Hip-Hop Promoter DJ Droops Turns Up the Weeknights in OC
DJ Droops inside the Observatory
The swell of hoots, hollers and raised hands rolls through the Observatory as a local rap duo rile up the crowd an hour or so before headliner Snow Tha Product is scheduled to perform. The vibe in the Santa Ana venue is more like that of a weekend than a Wednesday night. Backstage, a few dozen employees, security guards, promoters, performers and their entourages stand around drinking Hennessey and comparing Jordans.
"Man, Droops is one of the best dudes around," says an in-house DJ. "I hope I can be like him someday. Anybody who's just getting into promoting around here looks up to him." The subject of his adoration is standing right next to him. Carlos "DJ Droops" Cerda laughs at the compliment between sips of the Patron-and-cranberry juice in his plastic cup, then walks toward the curtain separating the stage and crowd from the more casual backstage area.
"Hold on, I'll be right back," Droops says. "One of my guys just finished; I've got to go introduce the next one." A few seconds later, the 31-year-old Santa Ana native is excitedly asking the hyped crowd, "How dope was that?" and "Who's sticking around to see Snow Tha Product?"
Droops is currently one of the most respected hip-hop promoters in OC. One of his biggest successes thus far has been delivering $5 monthly hip-hop shows featuring legends such as KRS-One, Kurupt and Slick Rick. "I got into hip-hop through the party-crew scene," Droops says. "I was spinning it as a DJ when I was 15 or 16, and I had friends who rapped in Santa Ana. I started messing around with writing rhymes, and at age 20, I started to perform."
He was raised on funk and Spanish music, but his love for hip-hop started when he was introduced to gangster rap early in his teens. "The first time I really heard N.W.A and Wu-Tang Clan, it made me want to try writing," Droops says. "That, and my brother just showing me stuff he wrote when I was 13 and he was, like, 16 or 17 made me want to get into it, too." But he also stayed true to his family's musical roots. "My dad's side of the family was always more 'party mode,'" Droops says. "Any time there was a birthday or a wedding or a graduation, there'd be a full-blown party with a DJ and everything, not just some little party."
Before he found success as a promoter, he had a couple of rough breaks. "When I was younger, I was selling weed while I was deejaying," Droops says. "I never worked a 9-to-5; that was my hustle. When I was, like, 21 or 22, I got busted for selling. After that, I got a regular job doing financing for cars. I got fed up with that, so I started hosting an open-mic night at my mom's bar [La Pachanga Cantina & Grill]."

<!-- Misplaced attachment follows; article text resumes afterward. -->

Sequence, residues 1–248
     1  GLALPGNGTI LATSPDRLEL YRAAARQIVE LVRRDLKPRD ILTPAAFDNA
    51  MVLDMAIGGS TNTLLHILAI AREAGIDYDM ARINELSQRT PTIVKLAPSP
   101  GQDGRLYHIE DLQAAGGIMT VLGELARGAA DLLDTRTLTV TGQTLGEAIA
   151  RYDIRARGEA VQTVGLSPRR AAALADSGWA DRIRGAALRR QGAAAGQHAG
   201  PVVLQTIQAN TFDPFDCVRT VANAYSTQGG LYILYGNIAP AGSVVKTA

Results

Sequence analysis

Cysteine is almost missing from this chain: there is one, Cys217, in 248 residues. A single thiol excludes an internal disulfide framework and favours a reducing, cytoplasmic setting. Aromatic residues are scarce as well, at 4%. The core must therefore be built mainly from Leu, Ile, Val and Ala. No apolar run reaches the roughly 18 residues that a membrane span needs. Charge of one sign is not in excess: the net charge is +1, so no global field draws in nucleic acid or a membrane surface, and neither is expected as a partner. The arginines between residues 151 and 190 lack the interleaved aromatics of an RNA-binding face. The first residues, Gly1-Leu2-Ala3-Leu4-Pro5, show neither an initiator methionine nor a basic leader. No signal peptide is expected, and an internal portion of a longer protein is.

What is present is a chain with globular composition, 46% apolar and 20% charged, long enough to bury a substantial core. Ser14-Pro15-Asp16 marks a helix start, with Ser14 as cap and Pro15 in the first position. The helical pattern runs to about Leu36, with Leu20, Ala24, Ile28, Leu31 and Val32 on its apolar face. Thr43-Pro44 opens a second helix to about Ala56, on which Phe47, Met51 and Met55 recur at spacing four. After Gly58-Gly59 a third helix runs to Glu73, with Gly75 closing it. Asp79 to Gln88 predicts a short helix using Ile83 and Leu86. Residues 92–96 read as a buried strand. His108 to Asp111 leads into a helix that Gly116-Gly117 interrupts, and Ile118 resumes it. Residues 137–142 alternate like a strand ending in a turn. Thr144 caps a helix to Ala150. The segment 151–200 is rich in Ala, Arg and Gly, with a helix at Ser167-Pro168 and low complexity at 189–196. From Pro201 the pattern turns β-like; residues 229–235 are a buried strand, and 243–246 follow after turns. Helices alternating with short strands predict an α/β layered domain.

After hosting shows for a year at the Santa Ana restaurant, Droops moved on to throwing shows at Malone's in Santa Ana. "In the beginning, my family was always like, 'Do you have a job yet?' By my last year at Malone's, they finally stopped asking that," he says. "They know I want to do this until I'm old, and they're very proud of me now."
It was during his fourth and final year at Malone's--after he'd helped to expand the venue from a capacity of 150 people to approximately 500--that Jeff Shuman, the talent buyer for the Observatory, contacted him. "Droops treats every act he books with the upmost respect and has an incredible work ethic," Shuman says. "He has so much passion for the scene and music in general."
Three years later, Droops is still going strong, bringing up-and-comers to the Santa Ana venue on traditionally dead nights. "Between the promoters, the artists and the Observatory selling tickets, we sell out about 80 percent of the shows," Droops says. "Part of it is because we'll get Action Bronson or Mobb Deep on a Monday, but it's also the local acts we book. I go through a screening process before I book them. They have to be super-dope or at least decent because they could sell hundreds of tickets. But if they're wack, I don't want to put them onstage. That's not the shows we want to put on."
While some promoters would be content just to be a major player in their hometown's music scene, Droops is now starting to promote shows in San Diego. And he has plans for the future.
"I'd either like to do some bigger festivals, or I'd like to open my own venue," he says. "I'd like to provide a one-stop shop for artists, where they can come through to do a show and get their merch made and whatever else they need right there. We could do graphics, booking, printing and designing, just incorporate everything we can into the venue. It would be a regular show going on upfront, with everything else happening in the back."
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